Raw winter warrior soup


About a year ago I went to a cooking demo in which we were shown how a Vitamix blender could make all manner of dishes in minutes, even seconds. Within the space of an hour or so we were served five dishes made right in front of us, but the one that stood out to me was a soup made with kumara and cashew nuts. I’ve recreated a version of that soup here. Mine contains a lot more aromatics, because I just love the heady spiciness of ginger, kaffir lime leaves and all those other Southeast Asian favourites.


I’ve used Beauregard kumara – the orange variety – because they have a beautiful sweet flavour that isn’t at all cloying, which I do find with red-skinned kumara. Unlike potato, which must be cooked in order to be digestible, kumara can be eaten raw. Next time you’re prepping kumara, try nibbling on a slice of it raw – it’s nutty and really rather lovely.


Given that this soup is uncooked, all the nutrients of the raw ingredients remain intact, and so I like to imagine it would do an excellent job of warding off winter ills, especially with the ginger and garlic in the mix. With a Vitamix, the heat of the motor will actually gently warm the contents of the jug, so if you can blend this for four minutes or so until it has warmed up to around 40 degrees; by raw food ethics this is technically still raw, I believe. But I’m not too worried about the technicalities, more the taste, and this tastes damn good, I tell ya!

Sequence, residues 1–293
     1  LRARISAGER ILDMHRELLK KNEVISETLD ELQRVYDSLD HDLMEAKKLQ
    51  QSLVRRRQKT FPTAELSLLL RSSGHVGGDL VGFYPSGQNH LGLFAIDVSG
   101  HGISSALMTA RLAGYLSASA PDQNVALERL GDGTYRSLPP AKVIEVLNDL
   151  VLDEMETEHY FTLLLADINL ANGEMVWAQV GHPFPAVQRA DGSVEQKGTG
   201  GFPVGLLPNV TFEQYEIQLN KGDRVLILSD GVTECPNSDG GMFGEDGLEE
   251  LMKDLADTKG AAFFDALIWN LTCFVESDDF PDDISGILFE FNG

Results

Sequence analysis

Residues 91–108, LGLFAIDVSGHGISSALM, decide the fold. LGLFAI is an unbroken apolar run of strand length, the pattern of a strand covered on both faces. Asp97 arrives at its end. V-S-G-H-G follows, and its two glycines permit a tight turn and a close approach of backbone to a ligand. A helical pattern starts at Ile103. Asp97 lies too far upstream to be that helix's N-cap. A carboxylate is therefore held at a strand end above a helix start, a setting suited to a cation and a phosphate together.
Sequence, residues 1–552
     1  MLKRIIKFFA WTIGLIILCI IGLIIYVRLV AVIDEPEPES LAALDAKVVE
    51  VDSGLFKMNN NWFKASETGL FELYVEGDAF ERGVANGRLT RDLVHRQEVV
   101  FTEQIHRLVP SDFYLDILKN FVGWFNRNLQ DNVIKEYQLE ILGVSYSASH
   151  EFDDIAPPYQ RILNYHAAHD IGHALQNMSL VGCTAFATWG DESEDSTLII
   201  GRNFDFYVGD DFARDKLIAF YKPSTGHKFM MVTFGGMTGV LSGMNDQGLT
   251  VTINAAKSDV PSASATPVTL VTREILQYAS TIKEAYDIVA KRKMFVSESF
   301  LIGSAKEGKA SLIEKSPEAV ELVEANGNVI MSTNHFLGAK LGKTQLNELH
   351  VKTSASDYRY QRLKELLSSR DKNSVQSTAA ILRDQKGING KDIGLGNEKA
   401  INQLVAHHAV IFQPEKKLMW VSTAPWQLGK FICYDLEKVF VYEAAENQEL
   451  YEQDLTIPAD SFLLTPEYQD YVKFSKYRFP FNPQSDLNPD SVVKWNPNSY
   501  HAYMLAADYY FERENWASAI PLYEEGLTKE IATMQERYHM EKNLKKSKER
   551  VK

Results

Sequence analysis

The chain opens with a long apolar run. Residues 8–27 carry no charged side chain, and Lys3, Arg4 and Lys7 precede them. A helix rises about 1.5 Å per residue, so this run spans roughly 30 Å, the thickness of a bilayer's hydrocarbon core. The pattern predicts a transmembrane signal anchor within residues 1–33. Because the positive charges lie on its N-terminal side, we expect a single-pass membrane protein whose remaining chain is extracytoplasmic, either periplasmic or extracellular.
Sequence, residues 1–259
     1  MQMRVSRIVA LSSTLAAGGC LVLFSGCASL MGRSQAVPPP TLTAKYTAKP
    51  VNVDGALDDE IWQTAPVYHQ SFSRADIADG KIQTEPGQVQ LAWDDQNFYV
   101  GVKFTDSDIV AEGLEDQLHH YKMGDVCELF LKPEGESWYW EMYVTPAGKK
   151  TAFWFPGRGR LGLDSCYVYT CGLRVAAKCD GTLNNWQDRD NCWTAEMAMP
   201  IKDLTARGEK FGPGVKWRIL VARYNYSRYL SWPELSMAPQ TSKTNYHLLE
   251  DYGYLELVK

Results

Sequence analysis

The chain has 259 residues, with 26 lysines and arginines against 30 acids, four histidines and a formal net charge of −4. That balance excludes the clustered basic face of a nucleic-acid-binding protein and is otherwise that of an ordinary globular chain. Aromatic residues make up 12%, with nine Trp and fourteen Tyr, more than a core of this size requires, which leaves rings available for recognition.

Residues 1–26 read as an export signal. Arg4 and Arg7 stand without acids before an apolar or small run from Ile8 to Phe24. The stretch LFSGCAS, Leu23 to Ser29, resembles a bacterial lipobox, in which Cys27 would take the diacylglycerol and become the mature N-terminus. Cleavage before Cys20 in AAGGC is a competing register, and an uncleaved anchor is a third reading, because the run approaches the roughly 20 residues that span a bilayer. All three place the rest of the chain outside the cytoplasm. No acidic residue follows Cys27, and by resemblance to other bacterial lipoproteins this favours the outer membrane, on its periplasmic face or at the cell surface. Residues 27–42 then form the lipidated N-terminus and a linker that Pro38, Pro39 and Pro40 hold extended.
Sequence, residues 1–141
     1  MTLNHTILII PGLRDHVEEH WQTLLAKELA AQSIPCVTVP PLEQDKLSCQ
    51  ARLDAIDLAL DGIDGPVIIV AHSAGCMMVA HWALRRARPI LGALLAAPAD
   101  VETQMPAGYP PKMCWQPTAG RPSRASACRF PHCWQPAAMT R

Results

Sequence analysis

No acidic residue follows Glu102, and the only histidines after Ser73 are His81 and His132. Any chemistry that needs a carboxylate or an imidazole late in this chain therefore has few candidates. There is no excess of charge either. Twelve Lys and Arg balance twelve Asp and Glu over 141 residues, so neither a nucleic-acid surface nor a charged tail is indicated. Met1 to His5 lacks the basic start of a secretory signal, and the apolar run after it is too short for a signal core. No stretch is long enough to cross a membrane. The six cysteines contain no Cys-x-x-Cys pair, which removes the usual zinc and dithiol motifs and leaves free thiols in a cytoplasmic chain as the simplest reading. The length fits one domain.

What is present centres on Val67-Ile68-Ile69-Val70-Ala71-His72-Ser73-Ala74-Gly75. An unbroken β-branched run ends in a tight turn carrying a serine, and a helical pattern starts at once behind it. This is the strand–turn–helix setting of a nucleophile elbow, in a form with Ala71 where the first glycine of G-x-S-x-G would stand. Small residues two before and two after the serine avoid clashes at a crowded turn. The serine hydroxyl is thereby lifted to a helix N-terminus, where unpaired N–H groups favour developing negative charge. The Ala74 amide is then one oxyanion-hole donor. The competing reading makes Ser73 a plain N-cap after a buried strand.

If you don’t have a high power blender, you can still give this a go (let me know if it works!) otherwise just steam the kumara and carrot very slightly till your blender can handle them – the rest shouldn’t be a problem.

Into the jug of your blender, add: 3 peeled Beauregard kumara; 2 scrubbed, skin-on carrots; 1 cup coconut milk; 1 cup soaked and rinsed raw cashews; small knob ginger; 3 whole, skin-on garlic cloves; 3 spine-removed kaffir lime leaves; 1 red bird’s eye chilli; handful coriander; 1 lime or lemon, peeled; 2 Tbsp fish sauce; about 3 cups filtered water. Turn on blender and increase to turbo until all the contents are pulverized. Serve as is or keep blending on medium speed until the soup is warm.


I served this with a frugal drizzle of Uncle Joe’s coriander seed oil – frugal because this stuff is intense! If you’d like to tone down the spiciness from the chilli and the ginger and garlic – say for little mouths – you can add a Tbsp of raw cane or coconut sugar to increase the sweetness.



3 thoughts on “Raw winter warrior soup

    1. I’d just never thought of trying to eat it raw, really – until a stallholder at the Wesley Market stood there cutting of chunks of a Beauregard kumara and eating them right off the bat. I asked him if he always did that and he said yes, insisting I try a piece. Kind of tastes like a macadamia nut in its natural state. The only thing I’d caution is to make sure any damaged bits of the tuber are removed and not ingested – mould or anything similar could well make you sick, I would imagine.

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